"It will be one of Belarus' breadwinners": Lithuanians on Belarusian NPP

"It will be one of Belarus' breadwinners": Lithuanians on Belarusian NPP

"Smart persons" try to exploit authoritative people and authoritative international forums but this old technique does not always work. The accusations of Lithuania over the construction of the Belarusian nuclear power plant have flown past the ears of US President Trump and the OSCE Parliamentary Assembly. Donald Trump flew to Poland this week as a warm-up before the first handshake with Vladimir Putin at the G20 summit.

But this is another topic... During a visit to Poland, Trump met with some leaders of Eastern and Central Europe.

Taking this opportunity, President of Lithuania Dalia Grybauskaitė, after thanking Washington for increasing the budget by 40% "for deterrence on the eastern flank", expectedly mentioned a threat of the Ostrovets nuclear power plant.

Whether Trump understood what she was talking about remains a mystery, the American leader showed no reaction...

The OSCE Parliamentary Assembly in Minsk completely rejected the Lithuanian resolution on Belarus. They simply refused to include it in the agenda. The list included claims about rights, freedoms, elections, death penalty. Moreover, the Lithuanian parliamentarians included the Belarusian nuclear power plant. Eight countries agreed to discuss this resolution, but 49 did not support it. Sweden, Austria, Canada and Great Britain - the major countries - were against discussing it... It was a shock! - the Lithuanian deputy confessed...

Let us leave for now the rights and freedoms (here Belarus has shown great progress, Westerners note) and let's return to the topic of peaceful atom. Only 36 countries around the world allow themselves to have NPPs. As a rule, these are the most developed states. Some inherited the energy of the atom from socialist past, Lithuania included.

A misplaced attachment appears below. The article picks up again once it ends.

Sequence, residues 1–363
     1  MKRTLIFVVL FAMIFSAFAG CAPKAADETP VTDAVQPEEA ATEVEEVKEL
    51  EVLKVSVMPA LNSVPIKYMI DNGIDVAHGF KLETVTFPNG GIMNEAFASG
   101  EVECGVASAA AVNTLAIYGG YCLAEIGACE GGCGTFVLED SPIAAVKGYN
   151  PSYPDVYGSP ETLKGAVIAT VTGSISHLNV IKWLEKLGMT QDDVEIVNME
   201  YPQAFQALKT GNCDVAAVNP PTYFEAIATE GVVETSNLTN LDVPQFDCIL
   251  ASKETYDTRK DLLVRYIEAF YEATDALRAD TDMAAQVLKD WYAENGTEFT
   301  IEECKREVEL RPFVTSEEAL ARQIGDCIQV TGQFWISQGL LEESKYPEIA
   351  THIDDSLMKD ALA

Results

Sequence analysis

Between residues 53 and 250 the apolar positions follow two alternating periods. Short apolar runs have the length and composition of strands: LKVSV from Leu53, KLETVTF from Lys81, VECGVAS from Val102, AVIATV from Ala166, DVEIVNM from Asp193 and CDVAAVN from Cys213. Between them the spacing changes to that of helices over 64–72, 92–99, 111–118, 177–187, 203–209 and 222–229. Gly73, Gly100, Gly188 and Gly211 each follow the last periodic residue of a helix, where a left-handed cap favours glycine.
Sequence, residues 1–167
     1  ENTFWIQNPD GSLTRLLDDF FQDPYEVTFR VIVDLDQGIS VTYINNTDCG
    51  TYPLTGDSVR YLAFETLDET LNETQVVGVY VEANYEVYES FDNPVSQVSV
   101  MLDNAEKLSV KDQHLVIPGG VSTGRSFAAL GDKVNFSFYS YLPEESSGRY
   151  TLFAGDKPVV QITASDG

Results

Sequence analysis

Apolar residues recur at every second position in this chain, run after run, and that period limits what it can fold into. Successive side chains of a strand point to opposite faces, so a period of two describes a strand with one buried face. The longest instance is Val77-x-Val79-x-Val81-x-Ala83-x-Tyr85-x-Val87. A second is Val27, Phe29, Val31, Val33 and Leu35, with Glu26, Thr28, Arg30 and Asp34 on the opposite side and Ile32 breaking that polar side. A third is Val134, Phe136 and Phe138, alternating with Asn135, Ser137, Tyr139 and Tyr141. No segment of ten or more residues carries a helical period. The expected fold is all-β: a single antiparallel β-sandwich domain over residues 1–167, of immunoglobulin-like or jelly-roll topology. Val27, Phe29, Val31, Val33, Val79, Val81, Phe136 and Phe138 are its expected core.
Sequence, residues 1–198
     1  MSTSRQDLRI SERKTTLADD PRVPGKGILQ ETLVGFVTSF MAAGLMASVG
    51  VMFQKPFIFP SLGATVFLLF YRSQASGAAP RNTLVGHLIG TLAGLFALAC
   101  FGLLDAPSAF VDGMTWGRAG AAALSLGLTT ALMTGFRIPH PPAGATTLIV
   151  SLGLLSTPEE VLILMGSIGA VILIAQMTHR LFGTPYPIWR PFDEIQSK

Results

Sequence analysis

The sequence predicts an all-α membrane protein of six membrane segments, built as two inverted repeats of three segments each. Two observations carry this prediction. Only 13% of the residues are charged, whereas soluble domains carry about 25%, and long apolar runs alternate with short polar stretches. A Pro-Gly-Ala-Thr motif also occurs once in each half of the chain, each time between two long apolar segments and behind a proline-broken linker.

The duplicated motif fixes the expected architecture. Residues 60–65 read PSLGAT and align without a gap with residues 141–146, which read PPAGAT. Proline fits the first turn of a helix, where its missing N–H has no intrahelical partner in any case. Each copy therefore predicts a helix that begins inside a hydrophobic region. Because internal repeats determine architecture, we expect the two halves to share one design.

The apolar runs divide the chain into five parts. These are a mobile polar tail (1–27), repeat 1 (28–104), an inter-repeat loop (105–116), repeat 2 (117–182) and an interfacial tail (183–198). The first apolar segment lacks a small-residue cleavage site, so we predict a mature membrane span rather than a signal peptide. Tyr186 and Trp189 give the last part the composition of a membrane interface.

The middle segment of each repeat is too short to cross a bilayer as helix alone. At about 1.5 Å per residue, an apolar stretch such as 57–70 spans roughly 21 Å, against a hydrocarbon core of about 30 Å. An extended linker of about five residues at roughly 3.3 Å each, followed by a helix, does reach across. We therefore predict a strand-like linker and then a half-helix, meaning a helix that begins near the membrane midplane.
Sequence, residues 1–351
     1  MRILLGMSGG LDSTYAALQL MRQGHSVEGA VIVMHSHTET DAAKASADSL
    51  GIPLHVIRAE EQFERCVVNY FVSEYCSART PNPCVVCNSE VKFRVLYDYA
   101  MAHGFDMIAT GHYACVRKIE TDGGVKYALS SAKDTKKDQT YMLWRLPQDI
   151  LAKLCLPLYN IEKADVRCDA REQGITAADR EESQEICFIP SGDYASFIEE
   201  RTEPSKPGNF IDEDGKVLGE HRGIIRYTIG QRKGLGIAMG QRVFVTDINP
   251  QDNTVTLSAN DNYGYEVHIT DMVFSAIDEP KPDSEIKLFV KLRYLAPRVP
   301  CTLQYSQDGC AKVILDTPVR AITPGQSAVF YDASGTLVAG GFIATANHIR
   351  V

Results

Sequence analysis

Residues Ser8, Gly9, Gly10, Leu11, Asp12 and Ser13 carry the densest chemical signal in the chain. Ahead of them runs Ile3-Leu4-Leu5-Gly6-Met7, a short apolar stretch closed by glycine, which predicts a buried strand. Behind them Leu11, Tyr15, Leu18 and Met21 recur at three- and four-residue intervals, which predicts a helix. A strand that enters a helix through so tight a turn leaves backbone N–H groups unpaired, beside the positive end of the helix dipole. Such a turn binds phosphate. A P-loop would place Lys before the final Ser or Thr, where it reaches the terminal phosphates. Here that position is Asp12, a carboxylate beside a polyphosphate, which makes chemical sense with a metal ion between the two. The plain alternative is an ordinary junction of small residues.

True, the Ignalina NPP was shut down. Not because it is out of date or something happened to it. The reason is that the European Union put such a condition when accepting Lithuania in the EU. The loss for Vilnius is not just sad, but economic! Therefore, attacks against the Belarusian nuclear power plant are understandable. The economic and political background is obvious.

And President Lukashenko, speaking before the OSCE parliamentarians, singled out this topic not only in connection with security. Lithuanians can use the NPP as a source of electricity, and as a source for the existence of many families - after the closure of the Ignalina station, the town of power engineers, Visaginas, faced depression, since highly qualified specialists lost their jobs.

Tatiana Revizore will introduce some points of view on the Belarusian nuclear power plant from Lithuania. Not from Vilnius offices, but from the Belarus-Lithuania border zone.

Vladimir Fomin, Visaginas resident, former employee of the Ignalina NPP:
The town was built in the forest. Here is the lake, behind is the nuclear power plant. And behind is Belarus.

The Fomin family moved to the Lithuanian Visaginas from Kazakhstan. And this is not surprising. The best specialists from all over the Soviet Union took part in the designing, construction, and operation of the Ignalina NPP. The couple worked at the station for a quarter of a century. He is an engineer and she is a chemist.

Vladimir Fomin:
It is a city-forming enterprise. This is the life of not only our city, not only me, but all of Lithuania. And then suddenly everything collapsed.

The history of Visaginas begins here with this stone. Hardly anyone could have thought that in 2009 one of the most reliable stations in the world would be closed down. The closure of Ignalina is a tough ultimatum, which was put forward to Lithuania, who wanted to join the European Union.